Psychotherapy reading list (or, Should I go into therapy?)

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Against Therapy, Jeffrey Masson, Flamingo 1992
To my mind Masson is a genius. A timely critique of psychotherapy. He looks at the historical roots of therapy and present day practice and finds dishonesty everywhere. He doesn’t offer an alternative and those reading this book who are ‘in’ therapy may feel he isn’t addressing them. It is not a self help book; though he does tentatively suggest that supportive groups of people who have had similar experiences offering self-help is the best way to provide support .

Why Freud Was Wrong: Sin, Science and Psychoanalysis, Richard
Webster, Fontana 1996
Quite a long book. In parts excellent. Webster carries out a detailed forensic examination of the letters and texts of Freud and demonstrates his lying. The book contains some shocking material about the ‘cocaine episode’ – something not widely advertised by psychotherapy. Freud recommended a cocaine treatment for a case of morphine addiction and when the patient became addicted to cocaine as well did not admit this but rather claimed the treatment a success. Even more shocking is the case of the botched surgery he arranged for a young girl apparently based on some mistaken ideas about the role of the nose in some neuroses. Webster argues that Freud had a deep-seated psychological need to become famous and wealthy and distorted his work repeatedly until he found a way to do this. There is also a clear and convincing though theoretical exposition of the dynamics at play between a psychoanalyst and their patient.

Really, this book can’t be praised enough. There are two matters I would take issue with; having done irreparable damage to psychoanalysis Webster concludes rather strangely that he isn’t against all psychotherapy and some is quite good. Since most modern psychotherapy has its roots in Freudian analysis this is odd. Secondly, he states that anyone who says that Freud has some merit is making the mistake of still holding on to some ‘residual piety’ .

He doesn’t really demonstrate this; to show that Freud lied about matters, that his theories tend to depend on a kind of circular logic where Freudian theories are used to interpret material which is then used to prove the theories, to  show that his patients didn’t recover is all great. But it doesn’t totally demolish all of Freud’s insights. I found myself reading the passages from Freud which Webster quotes and often thinking that there were psychological insights here of some value – while not accepting the system (or religion as Webster might have) of the psychoanalytic church.

Webster ends with a call for a new kind of ‘holistic positivism’. While claiming to be a positivist he does offer a correction – which allows what some might call common-sense or intuition to guide empirical science. I haven’t done this part of the book justice I am aware.

Despite its faults a devastating take-down of psychoanalysis.

Therapy Culture, Frank Furedi, Routledge 2004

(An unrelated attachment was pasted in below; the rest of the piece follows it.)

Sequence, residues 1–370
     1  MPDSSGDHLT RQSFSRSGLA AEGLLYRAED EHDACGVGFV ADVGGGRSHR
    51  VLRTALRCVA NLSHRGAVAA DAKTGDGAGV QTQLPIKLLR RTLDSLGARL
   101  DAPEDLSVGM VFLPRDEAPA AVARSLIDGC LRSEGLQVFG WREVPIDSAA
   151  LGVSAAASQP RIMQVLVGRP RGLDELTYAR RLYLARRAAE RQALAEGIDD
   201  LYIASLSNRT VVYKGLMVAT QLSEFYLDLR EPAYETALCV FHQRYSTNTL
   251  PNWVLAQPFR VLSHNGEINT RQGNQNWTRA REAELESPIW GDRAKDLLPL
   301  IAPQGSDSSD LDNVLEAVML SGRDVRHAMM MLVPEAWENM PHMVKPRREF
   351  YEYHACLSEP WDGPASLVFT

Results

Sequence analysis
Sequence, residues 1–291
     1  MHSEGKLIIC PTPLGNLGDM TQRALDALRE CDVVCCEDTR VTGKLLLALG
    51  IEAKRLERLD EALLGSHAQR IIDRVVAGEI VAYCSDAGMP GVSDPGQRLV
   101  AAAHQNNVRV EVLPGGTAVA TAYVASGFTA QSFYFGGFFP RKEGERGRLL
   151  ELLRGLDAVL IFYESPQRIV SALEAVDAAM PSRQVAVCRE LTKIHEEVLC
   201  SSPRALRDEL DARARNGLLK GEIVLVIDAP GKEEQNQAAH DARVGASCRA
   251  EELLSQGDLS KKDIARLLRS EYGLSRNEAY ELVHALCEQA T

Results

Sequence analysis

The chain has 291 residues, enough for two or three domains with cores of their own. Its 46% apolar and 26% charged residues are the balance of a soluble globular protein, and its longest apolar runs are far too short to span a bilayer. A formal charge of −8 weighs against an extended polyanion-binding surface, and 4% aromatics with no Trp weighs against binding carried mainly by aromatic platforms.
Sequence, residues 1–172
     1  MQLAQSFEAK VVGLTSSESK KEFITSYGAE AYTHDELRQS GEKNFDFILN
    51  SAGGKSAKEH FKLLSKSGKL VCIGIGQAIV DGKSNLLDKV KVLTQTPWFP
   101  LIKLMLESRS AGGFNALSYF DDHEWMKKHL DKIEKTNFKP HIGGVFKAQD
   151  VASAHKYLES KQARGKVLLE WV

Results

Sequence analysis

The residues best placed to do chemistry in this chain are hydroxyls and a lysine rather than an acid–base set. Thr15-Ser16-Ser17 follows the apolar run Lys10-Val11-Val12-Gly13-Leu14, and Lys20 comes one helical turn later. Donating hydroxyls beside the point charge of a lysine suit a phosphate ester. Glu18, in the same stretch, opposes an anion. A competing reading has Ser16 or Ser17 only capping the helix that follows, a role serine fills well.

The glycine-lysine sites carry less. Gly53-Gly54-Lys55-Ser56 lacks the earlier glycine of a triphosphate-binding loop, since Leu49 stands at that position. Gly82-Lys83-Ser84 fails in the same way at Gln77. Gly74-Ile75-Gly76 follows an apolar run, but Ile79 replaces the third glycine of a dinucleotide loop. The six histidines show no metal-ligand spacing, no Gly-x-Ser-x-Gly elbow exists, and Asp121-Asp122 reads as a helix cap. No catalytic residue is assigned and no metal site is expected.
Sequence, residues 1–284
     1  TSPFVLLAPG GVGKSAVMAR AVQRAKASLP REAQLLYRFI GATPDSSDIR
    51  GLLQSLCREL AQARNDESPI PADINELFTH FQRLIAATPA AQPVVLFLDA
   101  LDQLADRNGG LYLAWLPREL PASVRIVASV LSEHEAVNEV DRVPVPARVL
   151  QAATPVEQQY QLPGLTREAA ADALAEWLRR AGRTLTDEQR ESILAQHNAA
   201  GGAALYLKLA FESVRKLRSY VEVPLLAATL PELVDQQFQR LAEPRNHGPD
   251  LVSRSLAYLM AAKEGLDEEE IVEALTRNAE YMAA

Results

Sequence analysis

His critics from within the psychotherapy camp say that Furedi is being ‘nostalgic for the fifties’ but this slinging an emotional ‘diagnosis’ at him rather than offering a rational criticism seems rather to support Furedi’s view of the trivialisation inherent in ‘Therapy culture’.

An insightful work of force and scholarship. A profound critique of contemporary culture. Furedi looks at how emotionalism and the values of therapy are becoming pervasive. He argues that far from this being an
emotional liberation the tendency to ‘get it out into the open’ is in fact a way of making emotions shallow. He argues that the professionalisation of emotional relations.

This book is essential reading for anyone trying to understand where we are at.

H. J. Eysenck, Decline and Fall of the Freudian Empire, 1985
Written from the point of view of a behaviourist. I was surprised by the imagination and humanity of this work. Eysenck offers a very useful critique of Freudian dream theory and a general overview of the unscientific nature of psychoanalysis without sounding like he does not value the realm of literature and art. In itself a sufficient take-down of psychoanalysis.

Jeffey Masson, The Assault on Truth: Freud’s Suppression of the
Seduction Theory, Ballantine Books 2003
Freud’s initial theory of hysteria and neurosis was the somewhat astonishing claim that these always resulted from childhood seduction – what we would now call child sexual abuse. Subsequently he changed this theory; the seductions his patients had described to him were in fact phantasies. The theory finally emerged as the Oedipal theory; children phantasise about sexual union with the parent of the opposite sex, development involves a healthy repression of these feelings. Neurosis occurs when the repression goes wrong in some way. Masson argues that the dropping of the seduction theory marks a shift in Freud’s work from pioneer to fraud. The seduction theory was unpopular and unlikely to bring him many friends. This is an important work; psychoanalysis and in its soft-packaging variant of psychotherapy continues to this day (despite appearances to the contrary) to ignore the abuse suffered by patients and indeed often to perpetrate further abuse.

Masson again shows a deep understanding of what psychoanalysis is all about.

Buy on Amazon

Nietzsche, Genealogy of Morals, (1887. Various editions. e.g. Oxford
World Classics, 1996)
In the third essay ‘What is the meaning of Ascetic Ideals’ Nietzsche offers a critique of Christian priests. The underlying context is his theory of two moralities; a morality of the noble, ascendant, people and a different morality of the slaves, the downtrodden and humble. He describes the priest as the guardian of the ascetic ideal, an ideal which ” is derived from the protective and healing instincts of a degenerating life”. This essay is intended as a criticism of the ascetic ideal and its embodiment in the person of the Christian priest. Without any changes at all the criticism rings out too against psychotherapy. The priest offers consolation, he “renders the sick to a certain extent harmless” (Chp. 16, p107 in above edition), he uses an excess of emotion to anaesthetize pain, he enjoins people to feel a Christian love of their neighbour. This all comes from weakness and a degenerating life-force, not strength. From Nietzsche’s point of view (were he to have lived to see the rise of psychotherapy) psychotherapy can be seen perhaps as the last gasp of Christian, ascetic, morality.